Finally, while civil status has no effect, men are 12 percentage points more likely to find a job within 12 months than women. This result may be due to the fact that among the married workers, men tend to be the main breadwinner and subsequently more often go back to employment within 1 year. Indeed, some earlier studies have found that married workers have shorter spells of unemployment because of higher financial responsibilities (Kruse 1988: 411; Teachman et al. 1994). Although the effect of being married in Figs. 5.6 and 5.7 goes in the expected direction, we do not find a significant result with respect to the workers’ marital status.8

5.4 Conclusion

Our analysis shows that workers use a variety of job search strategies to find a new job. While commuting longer distances is an option that many workers accepted, only a few relocated. Over a third of all new positions were found through social contacts, mainly through former colleagues. However, our hypothesis H3 that jobs found through individuals’ social network are better in terms of quality is not confirmed: Workers who found a job through their social network experienced higher wage cuts than workers who used other channels . Also with respect to other aspects of job quality such as contract type, risk of job loss or skill mismatch, using informal job search channels does not seem to be an advantage.

Most displaced workers either tended to return very quickly to the labor force or remained long-term unemployed. We found that a third of the workers were reemployed within 2 months and almost half of them within 4 months. At the same time 12 % of the workers were unemployed for over a year and 20 % were still unemployed when we surveyed them. Unemployment duration is principally driven by workers’ age. From the age of 55, unemployment durations were substantially longer and from the age of 60 even longer as compared with younger workers. Moreover, blue-collars, workers from non-EU countries and workers in Plant 1 (Geneva) encountered particularly strong difficulties in returning to employment within a short time.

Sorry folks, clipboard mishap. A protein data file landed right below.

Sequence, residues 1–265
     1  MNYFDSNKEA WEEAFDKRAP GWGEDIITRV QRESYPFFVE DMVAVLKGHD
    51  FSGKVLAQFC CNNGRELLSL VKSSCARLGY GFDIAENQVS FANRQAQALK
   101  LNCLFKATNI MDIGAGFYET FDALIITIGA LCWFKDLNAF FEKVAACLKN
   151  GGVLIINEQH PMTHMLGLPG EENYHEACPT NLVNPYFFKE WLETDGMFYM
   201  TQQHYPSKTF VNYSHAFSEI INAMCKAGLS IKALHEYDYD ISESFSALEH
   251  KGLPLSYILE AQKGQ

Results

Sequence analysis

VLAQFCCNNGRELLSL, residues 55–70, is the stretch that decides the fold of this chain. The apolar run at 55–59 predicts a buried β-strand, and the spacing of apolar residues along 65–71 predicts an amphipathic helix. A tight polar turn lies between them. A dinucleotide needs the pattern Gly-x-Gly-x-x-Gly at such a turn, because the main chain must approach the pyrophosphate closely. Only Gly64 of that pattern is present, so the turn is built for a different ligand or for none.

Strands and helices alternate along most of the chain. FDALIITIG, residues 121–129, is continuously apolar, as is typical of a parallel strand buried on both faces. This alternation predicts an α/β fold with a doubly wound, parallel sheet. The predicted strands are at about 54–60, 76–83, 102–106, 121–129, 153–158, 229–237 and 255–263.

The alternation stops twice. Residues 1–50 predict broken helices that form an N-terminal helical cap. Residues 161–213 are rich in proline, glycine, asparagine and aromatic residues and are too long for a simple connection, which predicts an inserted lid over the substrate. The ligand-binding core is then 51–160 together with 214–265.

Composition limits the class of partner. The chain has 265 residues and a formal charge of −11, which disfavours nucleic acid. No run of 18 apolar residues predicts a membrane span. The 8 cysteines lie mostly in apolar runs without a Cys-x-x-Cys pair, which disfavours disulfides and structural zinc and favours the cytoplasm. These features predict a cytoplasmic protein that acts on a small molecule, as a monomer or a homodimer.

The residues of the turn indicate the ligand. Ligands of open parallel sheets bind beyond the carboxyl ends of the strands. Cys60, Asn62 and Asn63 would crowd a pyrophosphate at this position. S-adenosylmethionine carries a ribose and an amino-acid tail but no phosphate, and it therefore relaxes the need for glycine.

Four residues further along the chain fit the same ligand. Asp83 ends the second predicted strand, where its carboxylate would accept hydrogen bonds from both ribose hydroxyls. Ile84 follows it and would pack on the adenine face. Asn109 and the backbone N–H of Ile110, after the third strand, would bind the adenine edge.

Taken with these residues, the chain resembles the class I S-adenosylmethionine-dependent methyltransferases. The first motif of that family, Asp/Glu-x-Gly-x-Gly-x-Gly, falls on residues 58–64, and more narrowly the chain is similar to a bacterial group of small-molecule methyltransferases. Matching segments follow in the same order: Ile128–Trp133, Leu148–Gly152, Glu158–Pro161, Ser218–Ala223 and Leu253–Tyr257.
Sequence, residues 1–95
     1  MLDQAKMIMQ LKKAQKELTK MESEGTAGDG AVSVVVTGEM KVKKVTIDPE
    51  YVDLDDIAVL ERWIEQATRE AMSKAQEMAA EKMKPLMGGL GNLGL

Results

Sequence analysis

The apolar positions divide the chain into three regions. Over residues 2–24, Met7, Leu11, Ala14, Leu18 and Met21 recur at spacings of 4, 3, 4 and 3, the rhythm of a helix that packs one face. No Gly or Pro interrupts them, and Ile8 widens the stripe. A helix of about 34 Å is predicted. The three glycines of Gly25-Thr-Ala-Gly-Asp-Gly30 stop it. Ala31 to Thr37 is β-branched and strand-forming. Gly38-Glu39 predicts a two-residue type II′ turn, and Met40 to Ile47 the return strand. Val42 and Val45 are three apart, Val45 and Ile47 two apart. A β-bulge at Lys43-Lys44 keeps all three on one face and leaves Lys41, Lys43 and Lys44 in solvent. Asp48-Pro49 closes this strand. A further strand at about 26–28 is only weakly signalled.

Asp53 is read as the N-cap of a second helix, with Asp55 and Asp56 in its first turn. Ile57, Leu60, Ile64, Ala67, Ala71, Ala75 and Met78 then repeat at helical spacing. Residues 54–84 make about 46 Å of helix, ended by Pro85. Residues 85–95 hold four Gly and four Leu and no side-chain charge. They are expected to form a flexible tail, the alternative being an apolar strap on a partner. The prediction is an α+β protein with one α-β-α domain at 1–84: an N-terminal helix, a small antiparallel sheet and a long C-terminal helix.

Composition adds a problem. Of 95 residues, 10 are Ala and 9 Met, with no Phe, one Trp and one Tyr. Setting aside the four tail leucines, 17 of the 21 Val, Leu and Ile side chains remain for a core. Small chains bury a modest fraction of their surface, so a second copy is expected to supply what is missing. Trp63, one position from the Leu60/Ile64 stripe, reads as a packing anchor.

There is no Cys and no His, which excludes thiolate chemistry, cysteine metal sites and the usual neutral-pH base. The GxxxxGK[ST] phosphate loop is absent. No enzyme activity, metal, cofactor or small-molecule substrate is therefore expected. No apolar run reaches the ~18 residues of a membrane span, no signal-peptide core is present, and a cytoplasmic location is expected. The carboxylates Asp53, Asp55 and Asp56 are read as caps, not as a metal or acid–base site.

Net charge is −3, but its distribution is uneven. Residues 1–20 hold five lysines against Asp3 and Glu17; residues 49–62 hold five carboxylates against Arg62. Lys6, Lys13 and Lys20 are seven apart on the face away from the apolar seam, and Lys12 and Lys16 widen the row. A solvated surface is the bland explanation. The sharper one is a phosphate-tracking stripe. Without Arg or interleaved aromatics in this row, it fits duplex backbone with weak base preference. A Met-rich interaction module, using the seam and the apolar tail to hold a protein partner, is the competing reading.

The duration of unemployment is not only important because the job search phase is often difficult and accompanied by financial insecurity, but also because it seems to have an effect on the reemployment conditions. This may be due to depreciation of workers’ skills during long phases of unemployment or due to the stigma employers attach to spells of unemployment. In this context it is important to link the duration of unemployment to the quality of the job in which workers are reemployed, a question which we pursue – among others – in the next chapters. From a policy perspective it seems to be crucial to manage to bring workers back to employment quickly, preventing the negative impact of long unemployment spells. Providing workers with advice for job search, motivating them to apply intensely and promoting their participation in active labor market policies have proven to be the most effective ways to address this challenge.

Footnotes

  1. 1.

    Eligibility for unemployment benefits expires in Switzerland for the median unemployed worker after 18 months.

  2. 2.

    The Swiss post office forwards the mail of people who have relocated to their new address for one year.

  3. 3.

    Over the period of our survey the figures were 52 % (2009), 44 % (2010) and 42 % (2011).

  4. 4.

    More precisely, 13 % in 2009, 21 % in 2010 and 20 % in 2011.

  5. 5.

    Over the period of our survey the figures were 15 % (2009) and 18 % (2010). For the year 2011 there is no information available because the revision of the unemployment insurance in this year led to a particularly high number of job seekers who reached the end of eligibility for unemployment insurance. Source: SECO (2010, 2011) .

  6. 6.

    The concept of locus of control describes people’s belief about how much they can control events that affect them (Goldsmith et al. 1996: 337).

  7. 7.

    We tested other models where we included tenure, pre-displacement wage, job search channel for new job and locus of control. But since these variables did not provide significant effects we did not include them in the model presented. The finding that personality traits do not have a significant effect on the transition from unemployment to employment is in line with some of the results from a German longitudinal study on the transition from school to vocational training (Protsch and Dieckhoff 2011: 83–4).

  8. 8.

    We additionally estimated an interaction effect between sex and civil status. This effect was however not significant.

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Authors and Affiliations

  • Isabel Baumann
    • 1
    • 2
  1. 1.Center for Health SciencesZurich University of Applied SciencesWinterthurSwitzerland
  2. 2.National Centre of Competence in Research “Overcoming Vulnerability - Life Course Perspectives” - NCCR LIVESLausanneSwitzerland